Un-African

I’ve always described myself as proudly African and maintained that being African is a soul definition and inexplicable connection one felt to the continent- void of skin tone, hair texture and dialectical specifications. However, I’ve recently come to assess several cultural norms, habits and ways that one may consider particularly African. Indeed there are distinct cultural differences across various African countries, for instance having twins in East Africa is seen as a blessing, whereas in some parts of Nigeria they are seen as a curse and in ancient times newborn twins were rejected and even sacrificed at birth. However, there are also several shared beliefs across many African nations, that one may generally deem “being African”. Here are a few examples:
  • Treating a visitor as “king”, ensuring they are well taken care of and receive the best of everything the host can offer. This recently became a topic of discussion when two of my South African friends (also teaching in Korea), spent the night at an African American’s apartment and were casually offered the floor while the host comfortably collapsed on her bed- leaving them wide mouthed and in utter disbelief.
  • Treating elders with utmost respect, even if they occupy lowly societal or occupational positions.
  • Ubuntu- Umuntu, Ngumuntu, Ngabantu.. I do not need to delve too deeply into the meaning of this; however it is interesting to note that in several texts it has been described as “humanity, compassion, and goodness, regarded as fundamental to the way Africans approach life”. Whether, we as African’s truly embody this concept the way we should, is another article altogether.
In many ways I’ve carried these concepts with me wherever I find myself- its second nature! However, in other ways- perhaps not to the same extent as my parents would. Many African’s I know will give their visitor their beds in a heart beat (myself included), but may not always cook up a hearty meal for their guest when they return from work, particularly those who live alone. Rather, one may offer guests a few basic snacks and drinks and then take them to the nearest restaurant. At the same time, I’ve also been put to shame by my African friends, also in their twenties, who feel it’s taboo not to provide meals that are home-cooked and always slave over the stove in order to serve their guests. Does this make those of us who don’t find time to cook less hospitable, or even unAfrican in that department? Is there really even such a thing as “African behaviour” and culturally accepted norms in today’s modern lifestyle? Can we legitimately classify certain acts as being “un-African”? Or is “African” behaviour really just diverse and about the manner in which an individual chooses to blend the customs and practices they learnt within their home and direct communities, with their modern lifestyle. For a moment, while engaging with other particularly traditional expatriated Africans, I questioned whether I have started losing touch with basic ways that are fundamentally African. Perhaps there are a few things I needed to be reminded of in this fast paced society, simply because there are good gestures to exercise. However, I believe it is possible to fuse the traditions and norms we learned in our upbringing, with our current lifestyle.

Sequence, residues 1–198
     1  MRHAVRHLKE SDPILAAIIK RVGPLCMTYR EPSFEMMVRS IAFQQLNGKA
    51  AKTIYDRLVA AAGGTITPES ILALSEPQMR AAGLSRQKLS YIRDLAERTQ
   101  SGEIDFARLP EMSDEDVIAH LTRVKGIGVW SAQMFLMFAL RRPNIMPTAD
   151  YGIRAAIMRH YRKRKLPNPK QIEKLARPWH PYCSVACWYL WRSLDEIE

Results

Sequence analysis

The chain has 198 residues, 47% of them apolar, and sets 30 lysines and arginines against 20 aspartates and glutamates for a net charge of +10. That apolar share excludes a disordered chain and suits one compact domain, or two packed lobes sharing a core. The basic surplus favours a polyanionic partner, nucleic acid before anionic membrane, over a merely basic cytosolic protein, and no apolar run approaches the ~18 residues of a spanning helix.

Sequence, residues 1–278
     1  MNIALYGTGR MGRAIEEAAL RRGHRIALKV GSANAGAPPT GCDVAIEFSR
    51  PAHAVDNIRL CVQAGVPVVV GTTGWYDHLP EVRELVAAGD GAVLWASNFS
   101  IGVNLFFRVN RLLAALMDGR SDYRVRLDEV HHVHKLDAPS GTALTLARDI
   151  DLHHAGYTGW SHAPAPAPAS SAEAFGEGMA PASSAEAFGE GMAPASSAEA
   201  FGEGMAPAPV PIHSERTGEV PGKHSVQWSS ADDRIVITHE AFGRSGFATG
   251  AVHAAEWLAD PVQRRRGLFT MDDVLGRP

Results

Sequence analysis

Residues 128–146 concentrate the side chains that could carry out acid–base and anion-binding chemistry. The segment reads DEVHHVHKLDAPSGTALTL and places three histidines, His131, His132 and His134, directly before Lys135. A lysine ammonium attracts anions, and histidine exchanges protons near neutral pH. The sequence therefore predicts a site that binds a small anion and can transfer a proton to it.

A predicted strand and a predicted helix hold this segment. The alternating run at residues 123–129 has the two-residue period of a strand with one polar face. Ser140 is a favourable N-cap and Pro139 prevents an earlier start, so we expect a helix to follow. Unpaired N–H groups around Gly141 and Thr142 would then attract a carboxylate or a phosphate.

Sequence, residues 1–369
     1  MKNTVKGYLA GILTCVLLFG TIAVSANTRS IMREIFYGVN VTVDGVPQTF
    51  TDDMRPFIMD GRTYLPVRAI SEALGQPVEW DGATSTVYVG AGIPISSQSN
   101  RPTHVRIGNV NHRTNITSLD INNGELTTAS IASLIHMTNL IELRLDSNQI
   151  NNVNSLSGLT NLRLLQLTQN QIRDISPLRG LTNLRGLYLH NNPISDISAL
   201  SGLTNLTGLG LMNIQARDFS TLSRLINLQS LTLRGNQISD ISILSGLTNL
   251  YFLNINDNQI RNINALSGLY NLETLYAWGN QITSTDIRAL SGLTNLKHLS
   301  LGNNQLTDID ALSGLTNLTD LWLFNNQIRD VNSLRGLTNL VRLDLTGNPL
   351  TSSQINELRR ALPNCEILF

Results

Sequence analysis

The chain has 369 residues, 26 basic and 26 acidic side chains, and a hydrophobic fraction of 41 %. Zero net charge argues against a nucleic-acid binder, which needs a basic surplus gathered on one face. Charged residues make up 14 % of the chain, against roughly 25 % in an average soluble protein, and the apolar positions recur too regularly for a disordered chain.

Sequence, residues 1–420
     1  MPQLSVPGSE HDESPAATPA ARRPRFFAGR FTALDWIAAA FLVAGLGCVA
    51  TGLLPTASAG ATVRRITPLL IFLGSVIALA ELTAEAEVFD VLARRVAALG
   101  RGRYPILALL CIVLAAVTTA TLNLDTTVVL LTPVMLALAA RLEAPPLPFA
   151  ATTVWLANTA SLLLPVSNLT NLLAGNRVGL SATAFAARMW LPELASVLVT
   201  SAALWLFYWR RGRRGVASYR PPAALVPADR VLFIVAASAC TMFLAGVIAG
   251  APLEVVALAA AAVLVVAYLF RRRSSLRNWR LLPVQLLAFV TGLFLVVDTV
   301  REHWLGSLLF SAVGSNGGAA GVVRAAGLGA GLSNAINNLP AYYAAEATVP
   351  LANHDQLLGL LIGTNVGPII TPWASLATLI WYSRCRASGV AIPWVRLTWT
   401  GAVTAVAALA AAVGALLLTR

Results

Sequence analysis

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Feint & Margin

Feint & Margin is a weekly, online, Pan-African publication featuring writings and thoughts from Ordinary Africans who have Extraordinary minds. We represent the True Voice of the African Citizen.

2 thoughts on “Un-African

  • August 16, 2010 at 11:12 am
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    I agree that we are not as ‘African’ in terms of our upbringing, but at the same time progress is not necessarily a bad thing either. Polygamy can be considered African,(limited to men) and thankfully that is not an accepted principle by most African men anymore. Virginity tests of young maidens (ignoring males) is another example of something considered part of African culture. I think what is fundamental is that we treat each human being with respect. Whether we cook for them or house them for free or pay for their meal at a restaurant, it’s more about how you give of yourself to make someone feel at home in your home that matters most.

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